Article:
When coming second to your competitors in business is good
I come from a country where being number one seems to be an almost national obsession. And I kid you not: for the longest time, Singapore has always been concerned about making sure we are the Number 1 port in the world (which we’ve since lost that honour to Shanghai); Changi International Airport may have been the world’s number one airport for a number of years already, but there has been some bad years when it didn’t win that coveted top spot, and then the airport authorities went into overdrive to try to win the award back, thankfully they did, for all the effort the staff put in. This same logic carries over to everything, and as an entrepreneur especially to your competitors in business.
So it’s come to pass that nothing would occupy a typical Singaporean (or at least the government agencies) than ensuring that we won some sort of accolade or “Number One” award in one thing or another. If there ever was an award given for the top country with “Number One” awards, Singapore would most probably come in first.
My personal take: it’s nice to know you’re at the top of your game, but you don’t always have to be a number one; in fact, I’d be happy being a number two in my business ventures in Thailand, contrary to my Singaporean roots and my over-achiever personality.
There’s nothing wrong with striving hard to do better work, build a more successful business, or become a healthier person. The danger, however, comes when you try too hard, especially when you try to push yourself in too many areas of your life all at the same time, in which case you’re likely headed for a crash.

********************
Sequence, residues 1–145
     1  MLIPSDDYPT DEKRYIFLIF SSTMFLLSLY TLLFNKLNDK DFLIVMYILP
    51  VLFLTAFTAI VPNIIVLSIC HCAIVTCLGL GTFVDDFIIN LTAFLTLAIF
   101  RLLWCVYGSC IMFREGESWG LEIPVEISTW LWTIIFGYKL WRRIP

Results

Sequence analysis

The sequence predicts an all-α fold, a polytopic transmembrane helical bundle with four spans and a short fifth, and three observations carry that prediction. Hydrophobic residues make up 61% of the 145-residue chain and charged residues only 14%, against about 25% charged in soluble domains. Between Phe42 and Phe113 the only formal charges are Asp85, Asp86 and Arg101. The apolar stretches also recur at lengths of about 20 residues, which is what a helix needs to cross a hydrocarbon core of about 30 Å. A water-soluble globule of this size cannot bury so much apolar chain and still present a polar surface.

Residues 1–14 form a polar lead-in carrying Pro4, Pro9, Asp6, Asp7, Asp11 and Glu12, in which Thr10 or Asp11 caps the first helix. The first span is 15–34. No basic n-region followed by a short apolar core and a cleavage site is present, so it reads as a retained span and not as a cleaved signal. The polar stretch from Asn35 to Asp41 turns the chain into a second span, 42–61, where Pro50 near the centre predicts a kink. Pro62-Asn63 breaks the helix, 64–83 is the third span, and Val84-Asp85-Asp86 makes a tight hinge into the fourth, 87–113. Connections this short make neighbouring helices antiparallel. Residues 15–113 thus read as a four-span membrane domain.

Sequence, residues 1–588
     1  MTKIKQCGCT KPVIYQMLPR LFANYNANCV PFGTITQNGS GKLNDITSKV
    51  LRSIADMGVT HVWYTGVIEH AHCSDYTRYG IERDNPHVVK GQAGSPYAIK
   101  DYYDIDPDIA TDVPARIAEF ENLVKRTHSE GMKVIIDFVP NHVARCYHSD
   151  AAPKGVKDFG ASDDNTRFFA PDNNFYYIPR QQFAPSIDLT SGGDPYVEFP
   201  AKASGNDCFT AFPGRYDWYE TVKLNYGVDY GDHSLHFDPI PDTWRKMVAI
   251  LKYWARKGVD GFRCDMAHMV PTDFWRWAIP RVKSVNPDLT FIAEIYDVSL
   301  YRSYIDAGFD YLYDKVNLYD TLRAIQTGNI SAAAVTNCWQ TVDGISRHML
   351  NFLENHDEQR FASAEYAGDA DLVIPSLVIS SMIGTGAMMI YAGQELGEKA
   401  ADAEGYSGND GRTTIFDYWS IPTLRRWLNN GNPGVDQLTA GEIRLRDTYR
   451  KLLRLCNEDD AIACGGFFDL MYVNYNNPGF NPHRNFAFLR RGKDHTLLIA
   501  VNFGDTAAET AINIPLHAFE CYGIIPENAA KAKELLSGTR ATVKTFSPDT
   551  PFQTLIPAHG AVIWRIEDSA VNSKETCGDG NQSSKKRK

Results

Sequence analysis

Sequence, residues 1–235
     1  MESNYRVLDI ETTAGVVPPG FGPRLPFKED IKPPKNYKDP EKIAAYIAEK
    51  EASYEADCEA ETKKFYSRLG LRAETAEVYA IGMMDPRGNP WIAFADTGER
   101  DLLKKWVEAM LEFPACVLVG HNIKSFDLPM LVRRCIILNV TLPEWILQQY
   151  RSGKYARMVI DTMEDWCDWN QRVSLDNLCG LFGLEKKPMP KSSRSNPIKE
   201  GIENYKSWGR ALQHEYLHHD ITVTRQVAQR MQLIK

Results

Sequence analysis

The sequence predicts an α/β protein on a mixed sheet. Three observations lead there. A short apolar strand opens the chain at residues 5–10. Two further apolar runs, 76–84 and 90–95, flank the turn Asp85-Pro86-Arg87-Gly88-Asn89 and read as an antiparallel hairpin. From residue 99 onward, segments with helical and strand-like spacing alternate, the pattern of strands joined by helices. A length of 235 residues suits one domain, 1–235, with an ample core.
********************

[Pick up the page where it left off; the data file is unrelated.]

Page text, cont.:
Some of you who have already experienced a crash would know exactly what I mean: you become obsessed with what others think about you, you work ridiculous hours, you’re constantly trying to please your spouse or partner, you can’t stop comparing yourself with others, you think your best is never good enough, and you start becoming overly-concerned that Junior ends up doing all the things you never could be or had been– and he hasn’t even started kindergarten yet.
I came over to Thailand more than half a year ago in search of a more conducive environment to start a new business. What I was seeking was for a more balanced lifestyle, and don’t get me wrong– I’m not saying things in Thailand are more laid back than they are back home in Singapore– but at least I don’t get a feeling that I must necessarily be burdened with the pressure of becoming a success right away instead of taking my time to build my business at my own pace and tempo that’s in tandem with all the other aspects of my personal life.
Why Startups Fail
We know statistically that 93% of startups fail within the first three years of their founding. While there are number of technical and tactical reasons why this may be so, I think the number one (heh heh) reason why most startups fail apart from poor cash-flow management is the fact that they try too hard to do the things they set out to do, ironic as it may sound.